Group Borrowers: A bank's exposure to a group of companies under the same management control must not exceed 40% of the Bank's capital funds unless the exposure is in respect of an infrastructure project.
the banks must inform 'all-in-cost' to the customer to enable him to compare the rates charged with other sources of finance. Further. mortgagee or absolute owner. Regulations relating to providing loans The provisions of the Banking Regulation Act. Changes in the Base Rate should also be conveyed to the general public from time to time through appropriate channels. Each bank will decide its own Base Rate. payable for processing the loan. Some of the major guidelines of RBI. if any. banks are required to exhibit the information on their Base Rate at all branches and also on their websites. Apart from transparency. whichever is less. RBI issues directions covering the loan activities of banks. It should include information about the fees/ charges. the 'Base Rate system' will replace the BPLR system with effect from July 01. banks should ensure that interest rates charged to customers in the above arrangement are non-discriminatory in nature. Loan application forms in respect of all categories of loans irrespective of the amount of loan sought by the borrower should be comprehensive. of an amount exceeding 30% of the paid-up share capital of that company or 30% of its own paid-up share capital and reserves. prepayment options and any other matter which affects the interest of the borrower. 43
. banks should not hold shares in any company except as provided in sub-section (1) whether as pledgee.All categories of loans should henceforth be priced only with reference to the Base Rate. According to these guidelines. credit risk premium and tenor premium. are as follows: • Advances against bank's own shares: a bank cannot grant any loans and advances against the security of its own shares. 1949 (BR Act) govern the making of loans by banks in India. Since transparency in the pricing of loans is a key objective. the Reserve Bank has issued guidelines in February 2010. The actual lending rates charged to borrowers would be the Base Rate plus borrower-specific charges. • Restrictions on Holding Shares in Companies: In terms of Section 19(2) of the BR Act.Following the recommendations of the Group. which will include productspecific operating costs. which are now in effect. so that a meaningful comparison with the fees charged by other banks can be made and informed decision can be taken by the borrower. 2010. • Advances to bank's Directors: The BR Act lays down the restrictions on loans and advances to the directors and the firms in which they hold substantial interest. the amount of such fees refundable in the case of nonacceptance of application. Guidelines on Fair Practices Code for Lenders RBI has been encouraging banks to introduce a fair practices code for bank loans.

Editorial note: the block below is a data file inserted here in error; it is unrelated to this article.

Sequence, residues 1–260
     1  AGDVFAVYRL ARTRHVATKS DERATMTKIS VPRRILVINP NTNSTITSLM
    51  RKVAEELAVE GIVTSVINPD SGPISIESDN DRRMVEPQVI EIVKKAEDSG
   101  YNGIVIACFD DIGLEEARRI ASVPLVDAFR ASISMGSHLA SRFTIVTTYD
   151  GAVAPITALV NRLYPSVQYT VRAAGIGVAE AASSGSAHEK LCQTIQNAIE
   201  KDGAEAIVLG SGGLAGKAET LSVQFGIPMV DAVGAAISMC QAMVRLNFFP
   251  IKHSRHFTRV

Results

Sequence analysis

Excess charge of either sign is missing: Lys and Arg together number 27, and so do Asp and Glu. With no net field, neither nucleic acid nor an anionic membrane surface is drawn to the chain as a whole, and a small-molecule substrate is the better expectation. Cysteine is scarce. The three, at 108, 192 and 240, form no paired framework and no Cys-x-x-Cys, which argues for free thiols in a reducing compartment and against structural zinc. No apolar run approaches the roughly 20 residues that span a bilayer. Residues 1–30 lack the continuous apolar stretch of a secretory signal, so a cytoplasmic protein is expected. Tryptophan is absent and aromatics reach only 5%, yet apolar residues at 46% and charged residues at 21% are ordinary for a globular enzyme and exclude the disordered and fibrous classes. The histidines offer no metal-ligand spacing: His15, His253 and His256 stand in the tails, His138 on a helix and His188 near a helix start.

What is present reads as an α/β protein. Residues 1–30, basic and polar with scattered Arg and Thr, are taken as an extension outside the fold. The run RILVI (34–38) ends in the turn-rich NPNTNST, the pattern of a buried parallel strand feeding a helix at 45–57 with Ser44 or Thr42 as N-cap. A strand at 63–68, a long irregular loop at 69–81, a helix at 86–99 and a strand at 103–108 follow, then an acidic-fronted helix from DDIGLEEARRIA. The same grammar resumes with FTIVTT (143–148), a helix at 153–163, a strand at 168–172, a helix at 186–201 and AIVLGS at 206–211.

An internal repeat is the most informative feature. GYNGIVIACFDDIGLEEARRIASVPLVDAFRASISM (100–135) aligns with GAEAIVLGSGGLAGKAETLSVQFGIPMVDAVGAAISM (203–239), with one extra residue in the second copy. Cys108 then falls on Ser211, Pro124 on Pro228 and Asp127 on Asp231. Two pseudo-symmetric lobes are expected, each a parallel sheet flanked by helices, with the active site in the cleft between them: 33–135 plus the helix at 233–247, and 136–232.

They provide this information to their Members in the form of credit information reports. The Credit Committee should invariably have a representative from the CRMD. As of today. • In some banks. bureaus provide history of credit card holders and SMEs. Banks establish multi-tier credit approval authorities for corporate banking activities.4. each bank should set up a Credit Risk Management Department (CMRD).1
Basics of Loan Appraisal. Credit information bureaus collect commercial and consumer creditrelated data and collate such data to create credit reports. pursuant to which every credit institution. credit grantors must be able to gain access to the applicant's complete credit record that may be spread over different institutions.quickly and objectively.1: Credit Information Bureaus The Parliament of India has enacted the Credit Information Companies (Regulation) Act. etc. being independent of the CPC. Its purpose is to help credit grantors make informed lending decisions .2
4. say 3/ 4 officers. retail credit. high valued credit proposals are cleared through a Credit Committee approach consisting of. 44
.2. The usual structure for approving credit proposals is as follows: • Credit approving authority: multi-tier credit approving system with a proper scheme of delegation of powers. including a bank. Credit decision-making and Review
Credit approval authorities
The Bank's Board of Directors also has to approve the delegation structure of the various credit approval authorities. who has no volume or profit targets. 4. Credit information bureaus are thus repositories of information.2. the banker has to decide how much funds does the proposal really require for it to be a viable project and what are the credentials of those who are seeking the project. A Credit Information Report (CIR) is a factual record of a borrower's credit payment history compiled from information received from different credit grantors. Concurrently. 2005. has to become a member of a credit information bureau and furnish to it such credit information as may be required of the credit institution about persons who enjoy a credit relationship with it. which contains the credit history of commercial and individual borrowers. To get a complete picture of the payment history of a credit applicant.2 Credit appraisal and credit decision-making